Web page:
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Morph 2 FFT

DSP related issues, mathematics, processing and techniques

Re: Morph 2 FFT

Postby eternith15 » Fri Aug 12, 2016 7:15 am

Ok, so I downloaded a couple acapellas to hear the voices morph about.. Any how here are the sources A (Cutting Crew) and B (Rhiannon).

Source A

Source B

Morph From A (0 Percent) to B (100 Percent) ... nt/s-2KmKI

Morph Staying At 50 Perecent A to B

I need to find a way to interpolate the phases properly. I am using Harmor to do this, it keeps it's Amplitudes in Green and Phases in Blue. I also downloaded the SPEAR program and had a look, very nice and far better than Harmor, after I fix the phasing I'll try to apply it to the text export from SPEAR.

Also,tulamide, perhaps you can write out the algorithm you have in mind in more detail in english step by step, and we might all have a go at it. Please let me know any ideas on how to tackle phase interpolation using the particles idea I have.
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Re: Morph 2 FFT

Postby Spogg » Fri Aug 12, 2016 10:08 am

Wow what a weird sound!

I'd be interested to hear the same sort of thing with a completely dry sound, so no reverb etc. I suspect the reverb diffusion is obscuring what's going on to some extent.

Thanks for doing and sharing this; very interesting.


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Re: Morph 2 FFT

Postby Spogg » Fri Aug 12, 2016 10:14 am

I'm shocked. You seem to really understand my thoughts, because indeed, a fixed number of nodes is all you need to predefine! Everything else, their position in time and amplitude is totally free and depends solely on the modulated values (length, angle) of the previous vector, the modulation of the current one, and the applied interpolation math.

Another assumption I would make is that the start and end of the resulting wave should be at zero otherwise you could get a sharp step as the wave looped. Correct? I can see the result clearly in my mind and it would be great to play around with such an oscillator.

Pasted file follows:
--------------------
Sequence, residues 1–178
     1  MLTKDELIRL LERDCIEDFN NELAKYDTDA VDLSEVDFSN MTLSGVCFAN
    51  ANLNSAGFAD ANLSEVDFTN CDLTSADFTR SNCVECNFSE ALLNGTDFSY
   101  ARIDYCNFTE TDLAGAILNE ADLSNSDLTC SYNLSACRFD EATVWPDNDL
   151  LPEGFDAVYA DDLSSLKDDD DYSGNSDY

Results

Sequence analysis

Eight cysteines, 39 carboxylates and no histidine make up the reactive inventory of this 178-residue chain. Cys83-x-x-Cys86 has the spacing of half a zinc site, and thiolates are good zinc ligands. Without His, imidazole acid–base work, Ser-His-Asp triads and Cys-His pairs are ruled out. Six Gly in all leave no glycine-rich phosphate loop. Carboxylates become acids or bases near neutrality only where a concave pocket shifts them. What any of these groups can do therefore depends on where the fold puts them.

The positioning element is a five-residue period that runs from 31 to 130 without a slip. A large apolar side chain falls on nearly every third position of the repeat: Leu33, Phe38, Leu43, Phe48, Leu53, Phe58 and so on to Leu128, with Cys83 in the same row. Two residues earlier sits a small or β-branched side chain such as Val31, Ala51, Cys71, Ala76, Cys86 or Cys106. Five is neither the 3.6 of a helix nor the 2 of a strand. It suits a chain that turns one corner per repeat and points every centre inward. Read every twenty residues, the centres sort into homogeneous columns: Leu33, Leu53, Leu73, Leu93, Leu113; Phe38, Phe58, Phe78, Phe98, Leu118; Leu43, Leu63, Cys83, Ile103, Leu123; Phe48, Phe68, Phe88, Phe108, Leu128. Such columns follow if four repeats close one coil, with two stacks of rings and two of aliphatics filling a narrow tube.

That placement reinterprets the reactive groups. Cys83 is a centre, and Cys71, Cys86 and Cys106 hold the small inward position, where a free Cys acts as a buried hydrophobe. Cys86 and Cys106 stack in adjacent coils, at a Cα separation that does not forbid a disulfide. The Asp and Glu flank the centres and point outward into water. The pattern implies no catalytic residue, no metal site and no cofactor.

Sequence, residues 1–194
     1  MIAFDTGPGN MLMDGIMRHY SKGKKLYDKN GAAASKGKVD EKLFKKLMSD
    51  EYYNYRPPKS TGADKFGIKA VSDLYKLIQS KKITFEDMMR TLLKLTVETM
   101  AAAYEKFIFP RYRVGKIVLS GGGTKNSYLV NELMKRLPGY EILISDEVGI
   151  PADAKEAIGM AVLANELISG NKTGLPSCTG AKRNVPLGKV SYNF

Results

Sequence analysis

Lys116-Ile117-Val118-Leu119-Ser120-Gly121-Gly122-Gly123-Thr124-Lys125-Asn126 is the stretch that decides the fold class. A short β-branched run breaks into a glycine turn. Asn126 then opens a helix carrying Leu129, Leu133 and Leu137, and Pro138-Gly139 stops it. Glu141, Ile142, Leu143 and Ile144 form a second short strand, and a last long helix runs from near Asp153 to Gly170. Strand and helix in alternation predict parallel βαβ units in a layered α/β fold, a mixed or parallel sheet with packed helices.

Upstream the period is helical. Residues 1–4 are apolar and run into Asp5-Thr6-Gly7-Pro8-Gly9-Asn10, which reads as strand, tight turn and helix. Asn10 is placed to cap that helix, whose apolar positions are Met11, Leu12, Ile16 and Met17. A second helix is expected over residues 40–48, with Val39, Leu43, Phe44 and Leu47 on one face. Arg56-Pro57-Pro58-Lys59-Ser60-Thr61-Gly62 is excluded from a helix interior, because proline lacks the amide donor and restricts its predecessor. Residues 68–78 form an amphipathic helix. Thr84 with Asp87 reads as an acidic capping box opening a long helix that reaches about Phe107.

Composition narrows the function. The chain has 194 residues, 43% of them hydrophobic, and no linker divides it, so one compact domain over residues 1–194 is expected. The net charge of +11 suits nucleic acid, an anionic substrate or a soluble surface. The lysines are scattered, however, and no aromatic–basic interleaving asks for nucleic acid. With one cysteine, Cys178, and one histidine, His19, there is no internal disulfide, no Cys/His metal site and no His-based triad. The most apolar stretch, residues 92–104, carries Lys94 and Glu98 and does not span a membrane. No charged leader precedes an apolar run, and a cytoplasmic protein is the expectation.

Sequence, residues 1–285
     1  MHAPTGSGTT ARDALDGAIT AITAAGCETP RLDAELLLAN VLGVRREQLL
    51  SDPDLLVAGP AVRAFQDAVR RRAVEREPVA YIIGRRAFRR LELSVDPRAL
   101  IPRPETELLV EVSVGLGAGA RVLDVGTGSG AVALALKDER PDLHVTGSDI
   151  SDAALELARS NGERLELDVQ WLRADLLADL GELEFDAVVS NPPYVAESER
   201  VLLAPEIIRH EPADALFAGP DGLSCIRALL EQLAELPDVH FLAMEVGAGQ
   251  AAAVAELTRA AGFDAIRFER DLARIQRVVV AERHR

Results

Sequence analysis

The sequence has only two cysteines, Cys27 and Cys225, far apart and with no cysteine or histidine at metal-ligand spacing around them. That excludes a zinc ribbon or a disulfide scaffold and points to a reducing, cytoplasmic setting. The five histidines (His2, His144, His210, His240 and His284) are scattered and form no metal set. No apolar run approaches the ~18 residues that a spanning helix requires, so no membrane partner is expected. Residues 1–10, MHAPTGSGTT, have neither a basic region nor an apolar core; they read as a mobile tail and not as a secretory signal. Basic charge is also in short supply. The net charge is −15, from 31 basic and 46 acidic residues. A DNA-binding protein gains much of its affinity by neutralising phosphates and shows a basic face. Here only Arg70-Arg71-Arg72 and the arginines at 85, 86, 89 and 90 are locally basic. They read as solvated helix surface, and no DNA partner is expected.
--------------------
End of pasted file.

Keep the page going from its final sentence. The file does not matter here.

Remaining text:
Since this is off-topic for this thread why not start a new one?


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Re: Morph 2 FFT

Postby tulamide » Fri Aug 12, 2016 10:30 am

eternith15 wrote:Also,tulamide, perhaps you can write out the algorithm you have in mind in more detail in english step by step, and we might all have a go at it.

Well, the algo already exists. But only for graphics. I created a spline class some time ago, you can download it here: Make sure to read the included manual, it describes some of the concept. Then have a look at the Ruby code. But I will talk about it here in more depth:

The spline class draws bezier curves. The splines are defined by nodes. Each node has two control points, one to control the incoming line and one to control the outgoing line. So far so known. But to actually draw the curves, a technique must be used. This is mine.
Initially you set a maximum number of possible segments per curve (the part between two nodes). Then, the algorithm checks the linear length between two nodes and the curvyness (guessed by the position of the control points, not actually calculated) and based on that decides for a number of segments. The curve between the two nodes is then divided into those segments, and each segment is drawn as a simple line. The segment points on the curve are calculated with cubic interpolation. Instead of polynomials it uses a simplified method, based on the fact that two nested linear interpolations correspond to a quadratic interpolation, and two nested quadratic interpolations correspond to a cubic interpolation.

If we think in terms of an oscillator, the segments are nothing else than ramps, were time equals the x-ordinate and amplitude the y-ordinate. So, all there is to get it going would be to calculate cubic interpolation points and then ramp between those points. And all the segments are controlled by just two nodes. This offers a wide range of applications. For example, a table of just 3 (actually 4, but the last one is the first of the next cycle) predefined nodes can describe a sine wave, another set of 3 nodes describes, say, a saw. You'd now just use simple linear interpolation to move the positions of the nodes from the sine wave representation to the saw representation, et voila, morphing. Or you move the center nodes of a square; boom, pwm. Etc. Etc.

All it needs is efficient assembler code...
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Re: Morph 2 FFT

Postby martinvicanek » Fri Aug 12, 2016 10:40 am

Yes, weird sound but very interesting. I have two brief comments

1. The sources sound "phasey". Might be due to the compression, don't know. But if you are concerned about phase interpolation, you should get that sorted out first.

2. The morphed results sound somewhat chopped, presumably as a result of STFFT blocks not blending seamlessly. Have you used any overlap/add at all and if so at which hop/block size ratio?

Thanks for sharing, and keep it going! Amazing how you pulled this off in no time! :ugeek:
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Re: Morph 2 FFT

Postby BobF » Fri Aug 12, 2016 1:54 pm

Hi eternith15,

As everyone has sad really wierd, but very cool. A really good job so far. Keep up the great work!
Can not wait to see the finished product and more stuff from you in the future.

Take care, BobF.....
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